Supercell lightning is lightning that is produced during a supercell thunderstorm, the least common, yet the most severe of all thunderstorms. Supercell lightning occurring during a supercell thunderstorm can be deadly, with tens of thousands of lightning strikes or very few lightning strikes at all. The type, amount and severity of supercell lightning depends on several factors related to the supercell thunderstorm.
Basic Facts About the Supercell
According to Absolute Astronomy, supercells are usually isolated from other thunderstorms, with a mesocyclone, which is a quasi-steady, deep, continuously rotating updraft. The presence of mesocyclones is the feature that sets supercell storms apart from other types of storms. Supercells deviate from the mean wind of a thunderstorm and are said to be left movers or right movers. Right mover supercells are the most common, but also the most severe. The supercell can sometimes develop into separate updrafts, which in turn spawns two supercells, a right mover and left mover.
Supercells are capable of producing extremely violent weather, and in addition to severe lightning, supercells may cause very heavy rains, flooding, damaging winds and hail; yet only about 30% produce tornadoes. But of those supercells from which tornadoes do develop, the tornadoes are most likely to develop at maximum mesocyclone core strength.
There are three categories of supercells and the severity may well depend on whether the storm is a classic supercell, low precipitation (LP) or high precipitation (HP) supercell. In “Structure and Dynamics of Supercell Thunderstorms,” the National Weather Service in Louisville, Kentucky says that classic supercells characteristically have a hook on the right rear side of the storm. This hook is significant of the presence and location of strong mesocyclones. High Precipitation supercells exhibit a kidney bean shape in the front of the storm which is indicative of a mesocyclone with heavy rains. HP supercells are capable of producing multiple threats of severe weather such as torrential rains, hail and damaging winds.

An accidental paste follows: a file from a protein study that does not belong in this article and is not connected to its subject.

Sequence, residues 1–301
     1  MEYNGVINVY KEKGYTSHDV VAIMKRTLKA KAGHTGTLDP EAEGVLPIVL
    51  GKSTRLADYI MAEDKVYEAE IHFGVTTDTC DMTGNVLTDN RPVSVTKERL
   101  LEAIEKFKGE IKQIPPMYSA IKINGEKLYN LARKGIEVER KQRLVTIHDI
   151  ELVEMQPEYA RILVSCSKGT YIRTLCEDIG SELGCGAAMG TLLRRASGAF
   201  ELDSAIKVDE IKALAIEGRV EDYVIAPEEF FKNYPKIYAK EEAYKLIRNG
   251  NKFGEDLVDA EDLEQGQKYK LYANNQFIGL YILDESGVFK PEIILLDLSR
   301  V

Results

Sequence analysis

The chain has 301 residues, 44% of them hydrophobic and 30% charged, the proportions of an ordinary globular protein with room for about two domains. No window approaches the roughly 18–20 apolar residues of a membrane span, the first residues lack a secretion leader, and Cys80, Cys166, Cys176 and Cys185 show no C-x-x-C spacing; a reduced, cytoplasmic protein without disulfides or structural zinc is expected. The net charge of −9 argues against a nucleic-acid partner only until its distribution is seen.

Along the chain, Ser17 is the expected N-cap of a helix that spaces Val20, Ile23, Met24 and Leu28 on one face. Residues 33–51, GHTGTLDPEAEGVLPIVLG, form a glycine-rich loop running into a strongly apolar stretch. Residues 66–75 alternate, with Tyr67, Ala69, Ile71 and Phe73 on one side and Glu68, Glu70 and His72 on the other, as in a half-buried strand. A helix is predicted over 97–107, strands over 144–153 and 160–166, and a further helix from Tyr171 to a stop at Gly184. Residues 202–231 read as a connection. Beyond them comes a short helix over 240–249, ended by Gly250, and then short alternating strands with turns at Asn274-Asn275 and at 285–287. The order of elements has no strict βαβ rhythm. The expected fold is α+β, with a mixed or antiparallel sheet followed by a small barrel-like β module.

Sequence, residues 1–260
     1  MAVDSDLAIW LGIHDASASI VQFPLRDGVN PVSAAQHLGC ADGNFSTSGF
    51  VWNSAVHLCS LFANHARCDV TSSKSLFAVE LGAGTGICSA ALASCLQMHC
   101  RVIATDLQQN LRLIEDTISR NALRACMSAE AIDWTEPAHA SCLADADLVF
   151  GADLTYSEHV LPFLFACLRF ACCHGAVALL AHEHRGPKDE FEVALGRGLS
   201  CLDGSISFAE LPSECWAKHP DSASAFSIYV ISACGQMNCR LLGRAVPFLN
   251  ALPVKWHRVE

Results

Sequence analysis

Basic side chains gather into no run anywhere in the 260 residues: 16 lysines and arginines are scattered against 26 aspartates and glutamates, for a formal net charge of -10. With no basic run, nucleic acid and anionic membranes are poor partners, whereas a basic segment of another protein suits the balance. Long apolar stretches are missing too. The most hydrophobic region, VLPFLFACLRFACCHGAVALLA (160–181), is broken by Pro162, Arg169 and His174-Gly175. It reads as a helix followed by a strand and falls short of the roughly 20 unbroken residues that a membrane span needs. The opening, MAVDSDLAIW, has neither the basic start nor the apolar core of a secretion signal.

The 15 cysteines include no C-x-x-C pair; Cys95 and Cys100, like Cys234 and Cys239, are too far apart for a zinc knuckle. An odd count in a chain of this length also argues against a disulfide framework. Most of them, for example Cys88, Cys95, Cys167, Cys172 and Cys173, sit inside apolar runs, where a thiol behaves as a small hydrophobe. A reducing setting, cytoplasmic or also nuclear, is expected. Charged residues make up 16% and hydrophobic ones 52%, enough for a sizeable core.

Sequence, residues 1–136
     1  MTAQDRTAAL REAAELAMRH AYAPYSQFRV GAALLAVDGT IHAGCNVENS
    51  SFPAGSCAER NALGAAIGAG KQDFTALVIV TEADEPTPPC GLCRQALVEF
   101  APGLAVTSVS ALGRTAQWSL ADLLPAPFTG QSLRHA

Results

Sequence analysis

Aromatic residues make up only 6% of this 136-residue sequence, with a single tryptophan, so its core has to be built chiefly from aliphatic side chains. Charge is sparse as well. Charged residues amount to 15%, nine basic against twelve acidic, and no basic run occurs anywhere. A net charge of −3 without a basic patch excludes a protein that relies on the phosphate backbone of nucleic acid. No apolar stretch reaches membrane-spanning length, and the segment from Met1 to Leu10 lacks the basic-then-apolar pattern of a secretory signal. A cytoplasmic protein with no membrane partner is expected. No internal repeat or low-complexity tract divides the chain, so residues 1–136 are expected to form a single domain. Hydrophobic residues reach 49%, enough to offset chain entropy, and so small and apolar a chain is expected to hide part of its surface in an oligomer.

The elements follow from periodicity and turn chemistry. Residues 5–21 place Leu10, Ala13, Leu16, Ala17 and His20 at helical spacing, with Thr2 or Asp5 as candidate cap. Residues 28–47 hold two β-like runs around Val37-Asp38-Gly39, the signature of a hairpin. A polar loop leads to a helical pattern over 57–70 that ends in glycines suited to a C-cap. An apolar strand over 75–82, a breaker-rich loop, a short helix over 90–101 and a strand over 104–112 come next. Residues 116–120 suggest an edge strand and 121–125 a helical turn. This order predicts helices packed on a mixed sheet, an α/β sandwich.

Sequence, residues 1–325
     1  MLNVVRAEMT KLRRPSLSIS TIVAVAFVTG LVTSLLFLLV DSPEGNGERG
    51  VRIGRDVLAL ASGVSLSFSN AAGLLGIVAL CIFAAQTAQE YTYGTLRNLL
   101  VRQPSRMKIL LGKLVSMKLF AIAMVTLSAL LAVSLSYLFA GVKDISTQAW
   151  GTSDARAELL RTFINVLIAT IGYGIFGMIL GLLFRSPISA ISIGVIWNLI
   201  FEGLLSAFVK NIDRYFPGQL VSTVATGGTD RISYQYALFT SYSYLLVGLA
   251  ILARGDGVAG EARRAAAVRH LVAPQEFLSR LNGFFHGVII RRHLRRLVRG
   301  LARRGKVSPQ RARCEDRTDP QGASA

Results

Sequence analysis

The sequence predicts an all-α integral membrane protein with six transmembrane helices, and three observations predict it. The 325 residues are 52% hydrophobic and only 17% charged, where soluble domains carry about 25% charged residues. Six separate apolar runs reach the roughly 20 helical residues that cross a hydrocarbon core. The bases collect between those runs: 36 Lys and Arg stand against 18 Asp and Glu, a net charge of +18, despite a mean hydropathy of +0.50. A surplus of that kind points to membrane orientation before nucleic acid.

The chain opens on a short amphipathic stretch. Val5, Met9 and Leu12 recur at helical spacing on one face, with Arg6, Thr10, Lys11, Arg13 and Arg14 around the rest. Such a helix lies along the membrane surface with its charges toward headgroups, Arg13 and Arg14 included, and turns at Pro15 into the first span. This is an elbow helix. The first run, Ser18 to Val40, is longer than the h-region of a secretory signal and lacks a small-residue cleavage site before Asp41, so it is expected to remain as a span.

The tornadoes spawned from high precipitation supercells can range from weak to violent, with more intense supercell lightning, either cloud to ground or intra-cloud, than other types of supercells. The HP supercell is more common in the Eastern United States and some areas of Eastern Canada. Lightning is rarer in low precipitation supercell storms, and when it does occur, the lightning is more likely to be intracloud lightning, rather than cloud to ground.
Low precipitation supercells can be deceptive at first glance and result in danger to those caught out in the LP supercell. In fact, though weak tornadoes are most likely to occur with a LP supercell, the weak reflection on radar can in fact not reveal a tornado that can be occurring right then. With the characteristics of supercells, one may wonder how widespread and just how severe supercells really are.
Examples of Supercells
On March 6, 2010, supercell storms hit Melbourne Australia, producing dangerous lightning, flash flooding and hail the size of tennis balls. Absolute Astronomy also tells of the supercell that devastated some areas of Belgium in May of 2009. Over 30,000 flashes of supercell lightning illuminated the skies in just 2 hours; winds were so strong that a loaded train was blown off the tracks. In 1936, after rendering its wrath in Tupelo, Mississippi, the entire town of Gainesville, Georgia was obliterated by the fifth largest tornado in U.S. history, when two tornadoes, coming from opposite directions, as sometimes happens during supercells, swept through town. The Digital Library of Georgia has a film available depicting the devastation and recovery efforts.
Storm chasers and others who venture out into severe weather should be aware of potential dangers of the severe weather they go out in, such as an approaching supercell. For most people, severe weather means staying inside and taking other precautions. If supercells are an impending threat, one may want to consider staying away from windows, turning off electronic devices, having the family take shelter in the area of the home that has been designated as the safe spot when severe weather occurs, and making sure there are emergency supplies and a first aid kit nearby.